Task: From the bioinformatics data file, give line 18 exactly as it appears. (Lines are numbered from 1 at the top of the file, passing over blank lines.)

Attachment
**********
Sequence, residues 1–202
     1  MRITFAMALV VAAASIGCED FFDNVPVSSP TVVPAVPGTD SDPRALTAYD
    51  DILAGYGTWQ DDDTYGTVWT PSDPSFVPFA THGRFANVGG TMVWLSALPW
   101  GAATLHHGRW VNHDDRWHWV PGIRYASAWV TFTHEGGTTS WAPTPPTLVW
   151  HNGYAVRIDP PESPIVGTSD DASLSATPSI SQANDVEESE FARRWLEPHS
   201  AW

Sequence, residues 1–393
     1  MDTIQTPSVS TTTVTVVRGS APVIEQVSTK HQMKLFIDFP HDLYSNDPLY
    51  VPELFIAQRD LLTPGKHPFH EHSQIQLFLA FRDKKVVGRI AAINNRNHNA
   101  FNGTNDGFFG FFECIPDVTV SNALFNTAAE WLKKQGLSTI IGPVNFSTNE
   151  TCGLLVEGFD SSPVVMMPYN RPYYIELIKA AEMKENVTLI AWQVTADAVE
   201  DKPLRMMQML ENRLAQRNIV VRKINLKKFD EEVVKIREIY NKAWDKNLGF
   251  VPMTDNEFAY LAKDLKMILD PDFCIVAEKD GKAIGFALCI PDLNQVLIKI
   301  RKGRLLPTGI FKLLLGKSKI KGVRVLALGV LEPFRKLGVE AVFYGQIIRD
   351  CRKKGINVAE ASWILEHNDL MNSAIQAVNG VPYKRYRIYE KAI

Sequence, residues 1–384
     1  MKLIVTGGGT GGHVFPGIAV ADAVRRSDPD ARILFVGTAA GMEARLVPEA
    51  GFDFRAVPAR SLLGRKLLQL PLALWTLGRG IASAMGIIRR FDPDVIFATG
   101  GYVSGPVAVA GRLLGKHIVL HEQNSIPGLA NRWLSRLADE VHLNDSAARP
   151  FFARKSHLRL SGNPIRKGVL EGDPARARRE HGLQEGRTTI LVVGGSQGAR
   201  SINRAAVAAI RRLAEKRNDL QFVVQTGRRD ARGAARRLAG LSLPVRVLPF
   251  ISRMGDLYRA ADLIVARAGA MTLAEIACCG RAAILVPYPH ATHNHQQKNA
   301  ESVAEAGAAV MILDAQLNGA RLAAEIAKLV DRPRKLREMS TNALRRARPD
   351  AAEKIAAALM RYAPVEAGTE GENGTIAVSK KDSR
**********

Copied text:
    51  GFDFRAVPAR SLLGRKLLQL PLALWTLGRG IASAMGIIRR FDPDVIFATG